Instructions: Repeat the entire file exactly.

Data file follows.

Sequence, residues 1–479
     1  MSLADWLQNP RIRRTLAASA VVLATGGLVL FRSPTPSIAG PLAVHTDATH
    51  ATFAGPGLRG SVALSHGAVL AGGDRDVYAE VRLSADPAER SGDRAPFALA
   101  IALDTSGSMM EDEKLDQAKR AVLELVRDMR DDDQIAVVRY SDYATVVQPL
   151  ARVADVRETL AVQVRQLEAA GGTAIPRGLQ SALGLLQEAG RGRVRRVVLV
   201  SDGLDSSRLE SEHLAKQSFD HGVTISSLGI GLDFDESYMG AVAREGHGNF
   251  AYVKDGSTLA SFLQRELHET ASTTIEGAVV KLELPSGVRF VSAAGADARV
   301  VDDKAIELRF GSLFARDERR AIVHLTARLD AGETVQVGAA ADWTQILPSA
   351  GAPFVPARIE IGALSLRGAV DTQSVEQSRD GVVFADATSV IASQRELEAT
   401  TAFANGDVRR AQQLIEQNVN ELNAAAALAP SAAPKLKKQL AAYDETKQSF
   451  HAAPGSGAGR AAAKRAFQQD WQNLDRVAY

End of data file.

Sequence, residues 1–479
     1  MSLADWLQNP RIRRTLAASA VVLATGGLVL FRSPTPSIAG PLAVHTDATH
    51  ATFAGPGLRG SVALSHGAVL AGGDRDVYAE VRLSADPAER SGDRAPFALA
   101  IALDTSGSMM EDEKLDQAKR AVLELVRDMR DDDQIAVVRY SDYATVVQPL
   151  ARVADVRETL AVQVRQLEAA GGTAIPRGLQ SALGLLQEAG RGRVRRVVLV
   201  SDGLDSSRLE SEHLAKQSFD HGVTISSLGI GLDFDESYMG AVAREGHGNF
   251  AYVKDGSTLA SFLQRELHET ASTTIEGAVV KLELPSGVRF VSAAGADARV
   301  VDDKAIELRF GSLFARDERR AIVHLTARLD AGETVQVGAA ADWTQILPSA
   351  GAPFVPARIE IGALSLRGAV DTQSVEQSRD GVVFADATSV IASQRELEAT
   401  TAFANGDVRR AQQLIEQNVN ELNAAAALAP SAAPKLKKQL AAYDETKQSF
   451  HAAPGSGAGR AAAKRAFQQD WQNLDRVAY